Campaigning for president in 1912, Theodore Roosevelt pitted himself against Republican President Taft and Democrat candidate Woodrow Wilson. Roosevelt ran under the Progressive Party banner, which was also called the Bull Moose party. History was made when Roosevelt became the only candidate of a third party to come in second place.
As we heard earlier this month, it was in October when Roosevelt was shot while campaigning in Wisconsin. Regardless of his wound, he was taken directly to the Milwaukee Auditorium, where he ascended the stage and made an eighty minute speech with a bullet in his chest. As Roosevelt spoke, the horrified crowd could see the bloody handkerchief he held to his chest. It takes more than that to kill a bull moose, Roosevelt quipped.
The bullet remained in his chest throughout his remaining nine years, being too close to the heart for surgery. Visitors to Theodore Roosevelt National Park in Medora can view the shirt Roosevelt was wearing, complete with the bullet hole. Roosevelt later commented on his close call.
“I did not care a rap for being shot! It is a trade risk, which every prominent public man ought to accept as a matter of course.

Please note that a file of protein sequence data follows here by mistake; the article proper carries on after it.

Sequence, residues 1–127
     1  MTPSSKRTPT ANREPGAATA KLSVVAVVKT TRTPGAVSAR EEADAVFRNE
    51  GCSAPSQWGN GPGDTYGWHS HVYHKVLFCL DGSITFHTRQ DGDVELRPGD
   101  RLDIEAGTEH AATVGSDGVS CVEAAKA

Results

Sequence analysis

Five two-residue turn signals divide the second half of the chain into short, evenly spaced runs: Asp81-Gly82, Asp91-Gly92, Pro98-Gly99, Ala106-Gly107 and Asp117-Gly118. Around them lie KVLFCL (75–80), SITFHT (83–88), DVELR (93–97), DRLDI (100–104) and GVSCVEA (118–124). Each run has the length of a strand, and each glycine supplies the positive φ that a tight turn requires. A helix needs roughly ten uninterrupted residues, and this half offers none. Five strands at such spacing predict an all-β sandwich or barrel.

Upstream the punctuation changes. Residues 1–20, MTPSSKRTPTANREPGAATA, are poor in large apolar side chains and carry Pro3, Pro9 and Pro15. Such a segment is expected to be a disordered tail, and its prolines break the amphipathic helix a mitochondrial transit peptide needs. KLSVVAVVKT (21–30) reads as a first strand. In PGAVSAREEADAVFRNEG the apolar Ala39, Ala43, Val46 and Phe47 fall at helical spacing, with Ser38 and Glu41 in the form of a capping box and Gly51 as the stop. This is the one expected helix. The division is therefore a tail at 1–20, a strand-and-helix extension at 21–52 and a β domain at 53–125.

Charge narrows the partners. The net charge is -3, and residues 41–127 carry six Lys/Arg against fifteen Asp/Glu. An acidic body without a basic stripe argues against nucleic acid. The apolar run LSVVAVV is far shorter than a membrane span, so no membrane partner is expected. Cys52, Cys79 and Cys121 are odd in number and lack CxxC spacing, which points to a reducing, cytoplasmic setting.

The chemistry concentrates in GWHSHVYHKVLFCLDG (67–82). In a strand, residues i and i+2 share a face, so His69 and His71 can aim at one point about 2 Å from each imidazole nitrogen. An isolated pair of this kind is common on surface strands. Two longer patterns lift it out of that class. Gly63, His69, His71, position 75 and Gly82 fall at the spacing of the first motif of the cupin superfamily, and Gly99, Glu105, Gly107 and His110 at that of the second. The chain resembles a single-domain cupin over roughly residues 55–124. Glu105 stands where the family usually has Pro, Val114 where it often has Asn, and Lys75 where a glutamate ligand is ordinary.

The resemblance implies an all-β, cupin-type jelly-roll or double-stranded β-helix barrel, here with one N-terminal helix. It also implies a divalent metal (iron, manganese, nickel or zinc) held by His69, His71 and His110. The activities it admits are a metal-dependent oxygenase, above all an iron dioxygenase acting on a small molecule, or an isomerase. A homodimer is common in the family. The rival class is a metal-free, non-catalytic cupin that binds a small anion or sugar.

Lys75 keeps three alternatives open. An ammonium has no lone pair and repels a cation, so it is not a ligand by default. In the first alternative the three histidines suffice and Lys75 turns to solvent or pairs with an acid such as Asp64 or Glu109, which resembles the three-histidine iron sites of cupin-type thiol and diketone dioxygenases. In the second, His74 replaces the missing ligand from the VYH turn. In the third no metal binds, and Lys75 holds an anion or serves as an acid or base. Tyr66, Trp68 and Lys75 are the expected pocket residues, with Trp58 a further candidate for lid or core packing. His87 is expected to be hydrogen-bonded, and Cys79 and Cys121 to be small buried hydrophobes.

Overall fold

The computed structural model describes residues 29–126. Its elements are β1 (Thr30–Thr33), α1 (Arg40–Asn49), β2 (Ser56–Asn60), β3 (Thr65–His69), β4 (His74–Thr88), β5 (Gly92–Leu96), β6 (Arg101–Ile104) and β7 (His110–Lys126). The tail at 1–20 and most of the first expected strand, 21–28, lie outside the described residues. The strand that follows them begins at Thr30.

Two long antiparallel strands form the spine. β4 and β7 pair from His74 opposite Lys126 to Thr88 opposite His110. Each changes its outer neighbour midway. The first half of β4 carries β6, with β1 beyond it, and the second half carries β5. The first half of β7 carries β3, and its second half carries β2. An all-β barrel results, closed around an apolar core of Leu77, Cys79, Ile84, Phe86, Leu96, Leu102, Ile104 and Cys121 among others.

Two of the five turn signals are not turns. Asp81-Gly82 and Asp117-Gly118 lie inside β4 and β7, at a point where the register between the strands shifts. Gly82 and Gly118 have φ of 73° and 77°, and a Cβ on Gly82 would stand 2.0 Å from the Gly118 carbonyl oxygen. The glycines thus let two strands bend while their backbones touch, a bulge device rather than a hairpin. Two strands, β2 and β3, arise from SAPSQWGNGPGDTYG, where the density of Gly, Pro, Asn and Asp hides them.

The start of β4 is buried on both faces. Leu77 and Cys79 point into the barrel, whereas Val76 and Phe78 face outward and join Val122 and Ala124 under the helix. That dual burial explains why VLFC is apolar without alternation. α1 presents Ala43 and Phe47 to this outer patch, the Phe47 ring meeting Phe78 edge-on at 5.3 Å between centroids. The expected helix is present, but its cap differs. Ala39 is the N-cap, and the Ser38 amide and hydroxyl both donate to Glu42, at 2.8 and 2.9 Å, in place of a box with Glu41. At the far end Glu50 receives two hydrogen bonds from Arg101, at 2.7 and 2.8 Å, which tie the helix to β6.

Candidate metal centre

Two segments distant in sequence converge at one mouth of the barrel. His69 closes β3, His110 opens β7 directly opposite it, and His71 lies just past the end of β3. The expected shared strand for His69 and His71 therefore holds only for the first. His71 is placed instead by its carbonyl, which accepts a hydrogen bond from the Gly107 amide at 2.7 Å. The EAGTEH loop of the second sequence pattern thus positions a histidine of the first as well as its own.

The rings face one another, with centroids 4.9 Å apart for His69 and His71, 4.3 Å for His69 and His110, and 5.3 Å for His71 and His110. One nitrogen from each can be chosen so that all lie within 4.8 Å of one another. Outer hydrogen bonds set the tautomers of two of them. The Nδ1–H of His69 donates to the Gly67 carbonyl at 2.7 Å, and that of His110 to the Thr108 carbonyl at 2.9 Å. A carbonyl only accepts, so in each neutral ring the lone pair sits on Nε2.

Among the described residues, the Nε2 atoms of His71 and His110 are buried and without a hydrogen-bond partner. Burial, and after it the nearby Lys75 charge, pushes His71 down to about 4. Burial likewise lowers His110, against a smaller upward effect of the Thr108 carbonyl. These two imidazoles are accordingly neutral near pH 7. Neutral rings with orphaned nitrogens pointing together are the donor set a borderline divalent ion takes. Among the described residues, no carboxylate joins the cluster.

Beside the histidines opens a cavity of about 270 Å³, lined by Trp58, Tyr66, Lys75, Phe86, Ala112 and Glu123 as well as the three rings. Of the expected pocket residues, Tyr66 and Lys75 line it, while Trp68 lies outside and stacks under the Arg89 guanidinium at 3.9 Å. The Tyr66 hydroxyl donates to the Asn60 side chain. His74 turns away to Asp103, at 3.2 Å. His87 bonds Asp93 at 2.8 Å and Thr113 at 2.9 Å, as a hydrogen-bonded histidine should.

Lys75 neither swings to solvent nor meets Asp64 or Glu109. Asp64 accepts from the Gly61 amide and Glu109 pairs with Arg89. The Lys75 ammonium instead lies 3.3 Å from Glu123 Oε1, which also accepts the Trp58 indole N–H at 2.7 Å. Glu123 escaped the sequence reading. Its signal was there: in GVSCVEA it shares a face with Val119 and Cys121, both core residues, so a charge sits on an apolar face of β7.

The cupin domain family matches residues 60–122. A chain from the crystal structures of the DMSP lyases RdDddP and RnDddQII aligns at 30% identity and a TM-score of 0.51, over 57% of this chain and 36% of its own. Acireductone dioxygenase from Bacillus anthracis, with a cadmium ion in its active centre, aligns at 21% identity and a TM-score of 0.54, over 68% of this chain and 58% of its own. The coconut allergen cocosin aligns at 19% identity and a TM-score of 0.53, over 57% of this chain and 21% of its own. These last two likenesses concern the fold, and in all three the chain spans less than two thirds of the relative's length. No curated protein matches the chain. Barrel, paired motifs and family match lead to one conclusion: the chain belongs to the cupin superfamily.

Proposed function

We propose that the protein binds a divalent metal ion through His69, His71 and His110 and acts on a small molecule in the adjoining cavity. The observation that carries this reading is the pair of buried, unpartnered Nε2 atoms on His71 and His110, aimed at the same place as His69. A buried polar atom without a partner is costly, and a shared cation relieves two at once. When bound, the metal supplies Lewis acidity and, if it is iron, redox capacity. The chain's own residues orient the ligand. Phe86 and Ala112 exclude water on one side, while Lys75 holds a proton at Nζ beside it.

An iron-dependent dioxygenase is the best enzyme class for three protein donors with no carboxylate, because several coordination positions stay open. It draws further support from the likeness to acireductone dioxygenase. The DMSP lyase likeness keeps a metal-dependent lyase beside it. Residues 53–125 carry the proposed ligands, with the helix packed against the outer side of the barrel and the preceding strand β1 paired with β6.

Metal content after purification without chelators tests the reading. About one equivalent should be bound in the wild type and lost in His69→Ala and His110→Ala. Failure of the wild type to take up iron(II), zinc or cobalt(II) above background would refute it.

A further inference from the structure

For 11 years I have prepared any day to be shot; and if any one of the officers of my regiment had abandoned the battle merely because he received a wound that did nothing worse than break a rib, I should never have trusted that officer again.
I would have expected him to keep on in the fight as long as he could stand; and what I expect lieutenants to do, I expect a leader to do.
I have not the slightest feeling against (the assassin). I have a very strong feeling against the people who by their ceaseless and intemperate abuse, excited him to the action, and against all other criminals once the crime has been committed.”
Dakota Datebook: Remembering Theodore Roosevelt is written and performed by Steve Stark. Funding provided by the Theodore Roosevelt Medora Foundation.